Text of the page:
-The Bible passage Richard is reading in prison is Luke 4:24 : "Verily I say unto you, no prophet is accepted in his own country."

-Jacob's fellow passenger on the Black Rock is the first to see the Island and says "I see the devil! The island is guarded by the devil!" We've seen both Jacob and the Man in Black call each other "the devil," but from what we know so far, it seems like Jacob is the one who is guarding the Island - guarding it so that the Man in Black can't escape. That would make Jacob not the devil exactly, but more like a gatekeeper of hell, like Cerberus. 

-A big question answered: the Black Rock is what destroyed the four-toed statue! I'm not sure how a wooden ship breaks through a stone statue, but I'm not an engineer. 

-I didn't piece together at first that Smokey coming to the Black Rock would have occurred soon after the beach scene ("always nice talking to you Jacob") where Jacob admits that he brought the ship to the Island. That makes it pretty clear that Smokey/Man in Black was going to search the Black Rock specifically to find someone who would kill Jacob for him.

-One of the coolest moments for me was seeing Smokey scan Richard. It reminded me of the other times we saw this happen, and how much more we know about him now. Now I'm sure that Smokey/MiB isn't judging whether someone's good or evil; he's looking for malleability, a weak spot that he can exploit. He didn't find it in Mr. Eko, so he killed him. He apparently found it in Richard, Kate, Juliet, Sayid, and of course, Locke.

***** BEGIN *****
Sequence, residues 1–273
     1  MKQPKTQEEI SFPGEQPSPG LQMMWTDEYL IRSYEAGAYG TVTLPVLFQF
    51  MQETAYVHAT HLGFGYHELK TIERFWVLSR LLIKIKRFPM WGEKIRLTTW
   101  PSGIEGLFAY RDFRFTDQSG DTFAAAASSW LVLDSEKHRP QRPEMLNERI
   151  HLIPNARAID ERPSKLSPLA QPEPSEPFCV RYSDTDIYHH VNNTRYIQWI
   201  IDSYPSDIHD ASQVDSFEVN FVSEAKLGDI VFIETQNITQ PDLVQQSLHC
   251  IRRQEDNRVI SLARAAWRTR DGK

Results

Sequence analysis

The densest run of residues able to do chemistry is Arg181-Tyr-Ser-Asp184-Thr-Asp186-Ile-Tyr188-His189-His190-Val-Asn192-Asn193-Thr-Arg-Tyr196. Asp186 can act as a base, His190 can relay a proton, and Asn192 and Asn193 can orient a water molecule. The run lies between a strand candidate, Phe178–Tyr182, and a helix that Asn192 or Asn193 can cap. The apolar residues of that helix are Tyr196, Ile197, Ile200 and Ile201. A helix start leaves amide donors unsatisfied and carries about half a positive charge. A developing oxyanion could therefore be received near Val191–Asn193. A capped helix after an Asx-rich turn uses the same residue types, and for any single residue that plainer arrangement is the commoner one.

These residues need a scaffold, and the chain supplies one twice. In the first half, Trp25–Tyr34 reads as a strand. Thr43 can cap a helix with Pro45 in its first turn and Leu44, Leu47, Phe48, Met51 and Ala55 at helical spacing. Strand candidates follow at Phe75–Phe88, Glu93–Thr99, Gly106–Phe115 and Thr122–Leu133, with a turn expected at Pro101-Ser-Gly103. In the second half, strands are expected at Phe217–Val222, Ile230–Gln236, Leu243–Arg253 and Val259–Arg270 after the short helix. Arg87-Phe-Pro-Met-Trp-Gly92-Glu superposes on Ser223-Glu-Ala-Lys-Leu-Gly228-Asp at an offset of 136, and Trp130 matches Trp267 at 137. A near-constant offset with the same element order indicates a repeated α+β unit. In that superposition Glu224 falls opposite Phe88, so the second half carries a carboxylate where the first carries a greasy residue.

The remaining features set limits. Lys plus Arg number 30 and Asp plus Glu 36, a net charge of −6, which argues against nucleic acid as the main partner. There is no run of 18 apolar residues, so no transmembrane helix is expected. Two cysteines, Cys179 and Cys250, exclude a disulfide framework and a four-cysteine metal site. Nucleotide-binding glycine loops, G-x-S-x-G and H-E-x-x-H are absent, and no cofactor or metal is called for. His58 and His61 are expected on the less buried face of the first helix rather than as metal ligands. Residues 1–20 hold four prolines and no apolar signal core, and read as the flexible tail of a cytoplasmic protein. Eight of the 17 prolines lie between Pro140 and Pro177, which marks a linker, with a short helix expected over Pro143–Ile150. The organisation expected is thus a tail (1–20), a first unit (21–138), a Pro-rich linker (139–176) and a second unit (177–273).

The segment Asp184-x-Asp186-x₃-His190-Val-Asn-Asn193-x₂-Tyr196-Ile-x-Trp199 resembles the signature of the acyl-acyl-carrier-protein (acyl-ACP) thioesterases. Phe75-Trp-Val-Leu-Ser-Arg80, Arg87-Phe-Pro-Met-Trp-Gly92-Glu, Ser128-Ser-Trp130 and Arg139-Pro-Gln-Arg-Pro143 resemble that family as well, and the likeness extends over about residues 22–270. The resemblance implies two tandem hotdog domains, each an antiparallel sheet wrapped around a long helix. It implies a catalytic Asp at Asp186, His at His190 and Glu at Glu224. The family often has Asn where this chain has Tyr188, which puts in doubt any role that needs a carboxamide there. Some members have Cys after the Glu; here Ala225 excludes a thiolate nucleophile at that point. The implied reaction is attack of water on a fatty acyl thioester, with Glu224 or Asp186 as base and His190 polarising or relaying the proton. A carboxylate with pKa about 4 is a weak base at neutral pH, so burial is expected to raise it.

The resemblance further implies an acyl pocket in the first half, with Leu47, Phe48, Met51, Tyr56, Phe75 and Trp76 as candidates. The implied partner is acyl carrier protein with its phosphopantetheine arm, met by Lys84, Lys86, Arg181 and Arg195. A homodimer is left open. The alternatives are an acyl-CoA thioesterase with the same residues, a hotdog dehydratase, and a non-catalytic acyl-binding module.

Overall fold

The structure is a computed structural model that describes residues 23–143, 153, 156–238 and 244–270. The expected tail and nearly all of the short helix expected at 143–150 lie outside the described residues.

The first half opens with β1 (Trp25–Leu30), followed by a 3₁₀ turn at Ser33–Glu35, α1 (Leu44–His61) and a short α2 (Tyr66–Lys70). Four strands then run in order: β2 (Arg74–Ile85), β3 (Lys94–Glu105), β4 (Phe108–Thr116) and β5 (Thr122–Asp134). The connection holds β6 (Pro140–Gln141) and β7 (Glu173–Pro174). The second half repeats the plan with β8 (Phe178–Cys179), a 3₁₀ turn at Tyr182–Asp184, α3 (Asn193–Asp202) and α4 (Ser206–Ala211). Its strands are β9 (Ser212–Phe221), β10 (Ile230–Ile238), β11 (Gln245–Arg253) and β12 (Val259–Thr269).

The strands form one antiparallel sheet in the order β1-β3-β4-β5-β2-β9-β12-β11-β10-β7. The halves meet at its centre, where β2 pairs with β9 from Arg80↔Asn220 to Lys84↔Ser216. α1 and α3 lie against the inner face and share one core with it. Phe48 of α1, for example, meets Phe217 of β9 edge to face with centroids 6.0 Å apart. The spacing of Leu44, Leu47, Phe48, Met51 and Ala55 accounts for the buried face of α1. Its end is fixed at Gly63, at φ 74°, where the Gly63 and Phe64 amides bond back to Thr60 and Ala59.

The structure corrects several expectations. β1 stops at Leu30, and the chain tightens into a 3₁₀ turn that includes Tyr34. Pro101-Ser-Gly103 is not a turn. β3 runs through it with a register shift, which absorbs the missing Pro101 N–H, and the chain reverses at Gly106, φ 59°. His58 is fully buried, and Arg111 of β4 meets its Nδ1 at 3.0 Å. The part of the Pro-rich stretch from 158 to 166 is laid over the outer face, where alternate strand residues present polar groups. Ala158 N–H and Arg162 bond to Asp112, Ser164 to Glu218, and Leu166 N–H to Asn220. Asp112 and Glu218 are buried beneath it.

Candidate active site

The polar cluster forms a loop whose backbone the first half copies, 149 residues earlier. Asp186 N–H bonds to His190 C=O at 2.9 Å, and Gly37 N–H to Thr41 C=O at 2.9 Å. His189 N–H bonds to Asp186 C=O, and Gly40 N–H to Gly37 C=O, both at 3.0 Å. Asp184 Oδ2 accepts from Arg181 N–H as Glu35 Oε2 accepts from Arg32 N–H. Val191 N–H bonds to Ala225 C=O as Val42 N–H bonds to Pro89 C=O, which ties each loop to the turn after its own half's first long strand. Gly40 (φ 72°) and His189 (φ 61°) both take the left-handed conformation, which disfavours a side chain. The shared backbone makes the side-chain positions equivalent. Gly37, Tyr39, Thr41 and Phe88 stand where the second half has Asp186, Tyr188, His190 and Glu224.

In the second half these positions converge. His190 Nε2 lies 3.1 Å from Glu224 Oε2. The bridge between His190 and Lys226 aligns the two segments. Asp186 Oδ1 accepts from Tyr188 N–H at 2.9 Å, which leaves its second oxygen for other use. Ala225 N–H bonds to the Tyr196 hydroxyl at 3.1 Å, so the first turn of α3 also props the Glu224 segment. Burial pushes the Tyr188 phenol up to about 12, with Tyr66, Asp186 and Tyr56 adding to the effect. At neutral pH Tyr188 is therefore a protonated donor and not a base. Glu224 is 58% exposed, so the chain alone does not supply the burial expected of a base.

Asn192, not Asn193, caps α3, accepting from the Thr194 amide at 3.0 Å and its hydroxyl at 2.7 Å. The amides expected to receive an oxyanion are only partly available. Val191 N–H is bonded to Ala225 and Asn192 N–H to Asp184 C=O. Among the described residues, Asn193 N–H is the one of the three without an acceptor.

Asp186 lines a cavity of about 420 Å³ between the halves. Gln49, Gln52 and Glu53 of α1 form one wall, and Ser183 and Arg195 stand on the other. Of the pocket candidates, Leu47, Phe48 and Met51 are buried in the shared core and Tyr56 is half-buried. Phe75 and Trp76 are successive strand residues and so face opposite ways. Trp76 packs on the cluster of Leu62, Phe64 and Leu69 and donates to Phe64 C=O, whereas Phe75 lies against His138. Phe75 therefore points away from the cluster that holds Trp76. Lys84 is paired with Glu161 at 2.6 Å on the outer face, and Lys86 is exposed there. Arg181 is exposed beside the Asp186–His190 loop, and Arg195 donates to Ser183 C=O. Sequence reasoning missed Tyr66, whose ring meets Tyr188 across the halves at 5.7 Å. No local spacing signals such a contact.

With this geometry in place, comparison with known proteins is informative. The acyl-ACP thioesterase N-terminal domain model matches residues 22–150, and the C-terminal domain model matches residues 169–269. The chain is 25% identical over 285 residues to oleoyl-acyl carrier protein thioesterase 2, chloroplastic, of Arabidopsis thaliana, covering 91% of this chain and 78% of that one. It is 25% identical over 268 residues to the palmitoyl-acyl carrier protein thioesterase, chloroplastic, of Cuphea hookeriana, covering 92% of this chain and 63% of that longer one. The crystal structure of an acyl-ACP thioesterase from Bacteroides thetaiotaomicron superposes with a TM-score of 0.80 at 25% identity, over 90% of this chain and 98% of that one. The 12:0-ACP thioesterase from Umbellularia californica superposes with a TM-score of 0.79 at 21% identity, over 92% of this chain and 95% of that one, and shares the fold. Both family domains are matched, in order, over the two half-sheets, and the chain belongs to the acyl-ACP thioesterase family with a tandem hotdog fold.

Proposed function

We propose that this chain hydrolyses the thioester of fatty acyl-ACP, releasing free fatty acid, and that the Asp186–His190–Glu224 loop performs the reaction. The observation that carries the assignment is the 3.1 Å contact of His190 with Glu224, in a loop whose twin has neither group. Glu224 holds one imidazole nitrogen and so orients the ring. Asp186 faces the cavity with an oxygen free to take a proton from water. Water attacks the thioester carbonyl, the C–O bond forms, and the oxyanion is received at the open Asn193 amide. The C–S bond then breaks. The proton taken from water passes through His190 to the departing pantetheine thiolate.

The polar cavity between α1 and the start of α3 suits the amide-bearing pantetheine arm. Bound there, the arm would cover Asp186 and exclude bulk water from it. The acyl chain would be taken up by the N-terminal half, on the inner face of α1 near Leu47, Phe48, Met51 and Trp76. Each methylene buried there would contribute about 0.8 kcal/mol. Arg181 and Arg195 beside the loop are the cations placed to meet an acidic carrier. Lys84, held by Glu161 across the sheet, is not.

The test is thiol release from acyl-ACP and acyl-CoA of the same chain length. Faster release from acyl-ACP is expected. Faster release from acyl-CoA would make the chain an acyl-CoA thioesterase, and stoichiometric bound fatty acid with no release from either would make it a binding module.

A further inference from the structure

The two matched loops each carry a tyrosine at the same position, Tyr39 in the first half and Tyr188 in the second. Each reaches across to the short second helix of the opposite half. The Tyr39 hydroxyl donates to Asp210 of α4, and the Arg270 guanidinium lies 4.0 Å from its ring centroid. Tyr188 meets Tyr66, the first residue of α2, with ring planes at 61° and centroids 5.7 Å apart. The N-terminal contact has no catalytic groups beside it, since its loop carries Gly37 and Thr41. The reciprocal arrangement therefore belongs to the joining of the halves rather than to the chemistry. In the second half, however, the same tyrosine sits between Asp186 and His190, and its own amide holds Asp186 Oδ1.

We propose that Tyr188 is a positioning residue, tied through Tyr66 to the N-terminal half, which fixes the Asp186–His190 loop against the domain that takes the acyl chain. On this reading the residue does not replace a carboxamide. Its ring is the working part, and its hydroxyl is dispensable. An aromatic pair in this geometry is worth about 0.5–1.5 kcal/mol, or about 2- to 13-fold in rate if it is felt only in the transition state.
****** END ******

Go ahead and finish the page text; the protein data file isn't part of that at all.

-The Isabella that appears to Richard in the Black Rock has to be a manifestation from the smoke monster. Smokey scanned Richard, found out what he wanted most in the world, and voilà! There's ghostly Isabella.

-It's interesting that Richard made a promise to the Man in Black first, before he met Jacob.

-Jacob describes the smoke monster as "malevolence...evil...darkness" and uses the analogy of a cork holding wine inside a bottle, the Island being the cork. This illuminates why Jacob is so hell bent on protecting the Island, but it doesn't explain why others want it so badly. Could it be that Widmore (who seems to be a pretty bad guy) actually wants the Island for unselfish reasons, to protect the rest of humanity from the smoke monster? That would be a pretty big twist.

-Richard gives the MiB a white stone from Jacob, like the white stone we later see Locke remove from the scales and throw into the ocean.

-Hurley speaks for Isabella (and presumably Jacob) and gives Richard his final task: stop the MiB from leaving the Island, or "we all go to hell."

Symbolism and Themes

-Fire and water: MiB first gives Richard a cup of water, then brings him to his campfire. Jacob dunks Richard in the ocean repeatedly, then brings him to his campfire.